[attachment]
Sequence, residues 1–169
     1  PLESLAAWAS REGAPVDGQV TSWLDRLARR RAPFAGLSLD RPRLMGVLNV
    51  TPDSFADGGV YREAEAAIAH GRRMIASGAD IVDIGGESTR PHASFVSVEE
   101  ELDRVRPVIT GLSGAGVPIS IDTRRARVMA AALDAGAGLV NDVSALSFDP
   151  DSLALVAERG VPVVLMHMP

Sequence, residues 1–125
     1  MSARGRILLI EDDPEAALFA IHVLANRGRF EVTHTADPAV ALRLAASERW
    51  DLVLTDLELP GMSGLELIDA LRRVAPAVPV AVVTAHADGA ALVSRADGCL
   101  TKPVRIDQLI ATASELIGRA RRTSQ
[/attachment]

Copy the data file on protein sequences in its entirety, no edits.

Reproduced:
Sequence, residues 1–169
     1  PLESLAAWAS REGAPVDGQV TSWLDRLARR RAPFAGLSLD RPRLMGVLNV
    51  TPDSFADGGV YREAEAAIAH GRRMIASGAD IVDIGGESTR PHASFVSVEE
   101  ELDRVRPVIT GLSGAGVPIS IDTRRARVMA AALDAGAGLV NDVSALSFDP
   151  DSLALVAERG VPVVLMHMP

Sequence, residues 1–125
     1  MSARGRILLI EDDPEAALFA IHVLANRGRF EVTHTADPAV ALRLAASERW
    51  DLVLTDLELP GMSGLELIDA LRRVAPAVPV AVVTAHADGA ALVSRADGCL
   101  TKPVRIDQLI ATASELIGRA RRTSQ